Different types of banking options are available to us. Depending on the individual or company, banking services vary. The retail banking model is geared for the general public, with bank branches located across a city that deals with retail consumers on a daily basis. Corporate banking, on the other hand, assists firms in raising capital, giving credit, and providing guidance. It provides corporate houses with customized credit that is tailored to their individual demands. A bank can engage in a variety of activities, such as retail banking, corporate banking, merchant banking, investment banking, wealth management, credit management, and so on.
What is Retail Banking?
Retail banking is a type of financial service that is available to the general public. Consumer banking, also known as personal banking, allows customers to manage their money by providing them with basic banking services, credit, and financial counselling. Banking transforms the bank into a kiosk where customers may select and purchase the product or service they require to achieve their particular objectives. The basic banking and financial goods and services supplied by banks to customers are referred to as retail banking.
What is Corporate Banking?
It's aimed towards the business community. It's the business world on a smaller scale. It offers a wide range of services, including credit, treasury, fixed asset requirement finance, commercial services, and employer services, among others. It's a type of commercial bank that's more specialised. Corporate banking, also known as business banking, caters to a wide range of clients, from small to mid-sized local firms with a few million dollars in revenue to enormous conglomerates with billions in sales and offices all over the country.
Difference and Comparison
Difference and Comparison
|Comparison||RETAIL BANKING||CORPORATE BANKING|
|Definition||Retail Banking is a banking service provided to the general public or individual.||Corporate banking is a commercial banking facility which only deals with small or large companies and corporate bodies.|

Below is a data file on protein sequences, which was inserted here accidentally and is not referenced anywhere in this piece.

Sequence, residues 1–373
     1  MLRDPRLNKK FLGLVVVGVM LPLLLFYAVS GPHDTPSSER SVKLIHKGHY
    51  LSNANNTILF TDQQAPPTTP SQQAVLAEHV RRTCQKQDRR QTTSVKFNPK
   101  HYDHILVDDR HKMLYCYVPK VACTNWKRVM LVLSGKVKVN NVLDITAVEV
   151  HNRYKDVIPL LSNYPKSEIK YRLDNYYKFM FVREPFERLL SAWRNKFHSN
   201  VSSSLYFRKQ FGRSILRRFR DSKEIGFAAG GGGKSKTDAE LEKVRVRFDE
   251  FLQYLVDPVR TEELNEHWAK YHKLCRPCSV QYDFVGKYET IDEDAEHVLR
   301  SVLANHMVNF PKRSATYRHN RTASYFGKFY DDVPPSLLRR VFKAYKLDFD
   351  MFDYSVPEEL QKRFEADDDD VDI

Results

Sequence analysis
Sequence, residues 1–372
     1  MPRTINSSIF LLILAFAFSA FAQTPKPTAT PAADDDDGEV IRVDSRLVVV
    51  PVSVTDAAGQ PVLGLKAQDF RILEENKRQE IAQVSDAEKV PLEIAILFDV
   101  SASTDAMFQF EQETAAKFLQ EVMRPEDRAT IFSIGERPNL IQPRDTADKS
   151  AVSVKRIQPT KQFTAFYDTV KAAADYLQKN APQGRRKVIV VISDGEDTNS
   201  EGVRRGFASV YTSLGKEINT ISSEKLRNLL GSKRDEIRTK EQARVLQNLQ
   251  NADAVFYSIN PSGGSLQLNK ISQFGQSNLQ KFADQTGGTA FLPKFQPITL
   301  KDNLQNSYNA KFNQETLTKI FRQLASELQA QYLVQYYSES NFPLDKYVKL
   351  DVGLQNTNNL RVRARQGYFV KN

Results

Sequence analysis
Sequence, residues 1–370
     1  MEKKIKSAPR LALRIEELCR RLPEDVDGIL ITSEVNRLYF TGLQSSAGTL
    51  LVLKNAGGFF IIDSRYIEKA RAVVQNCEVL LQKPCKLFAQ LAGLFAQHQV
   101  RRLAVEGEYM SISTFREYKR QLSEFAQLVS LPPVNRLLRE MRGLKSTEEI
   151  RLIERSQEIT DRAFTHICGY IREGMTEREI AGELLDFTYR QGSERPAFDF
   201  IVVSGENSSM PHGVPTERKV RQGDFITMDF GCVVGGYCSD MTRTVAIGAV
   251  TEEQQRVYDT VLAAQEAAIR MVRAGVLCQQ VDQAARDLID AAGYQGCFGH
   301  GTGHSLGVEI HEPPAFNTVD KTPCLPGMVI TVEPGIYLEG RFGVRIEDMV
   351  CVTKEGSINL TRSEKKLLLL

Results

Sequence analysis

|Products||Customers are the focus of retail banking products.||Corporate banking services are focused on the needs of businesses.|
|Clientele||The clientele of retail banking is extensive.||The customer of corporate banking is rather limited.|
|Processing cost||Low||Comparatively High|
|Transactions||Lower value of transactions||High value of transactions|
|Charges||Handling fees in retail banking are minimal.||Handling fees in business banking are greater than in retail banking|
|Loan size||Up to 5 crores||More than 5 crores|
Major Differences Between Retail and Corporate Banking
Retail Banking is a banking service provided to the general public or individual to regulate their funds in their saving account or fixed account and to perform various other day-to-day banking transactions like depositing money and opening bank account.
Corporate banking is a type of commercial banking that focuses on small and large businesses and corporations, offering services such as trade finance, derivatives, and other financial products.
Personal loans, vehicle loans, home loans, and other customer-oriented retail banking products are available.
Corporate banking is focused on the needs of businesses and can be adapted or adapted to meet specific needs, such as loan facilities.
When it comes to customer base, retail banking often attracts a huge number of customers, but corporate banking does not attract a significant number of customers but does attract affluent clients.
The processing cost in retail banking is low, whereas the processing cost in corporate banking is substantial.
Corporate banking is more profitable than the retail banking segment of the banks in terms of profitability.
Retail and corporate financial institutions are inextricably interconnected because of who they serve. Companies rely on consumers to purchase the products and services successfully, while customers rely on companies to meet the demand and/or solve a problem that cannot be simply solved by a person. Businesses and customers rely on one another to thrive, which means that retail banks and corporate banks, in theory, rely on one another to function properly.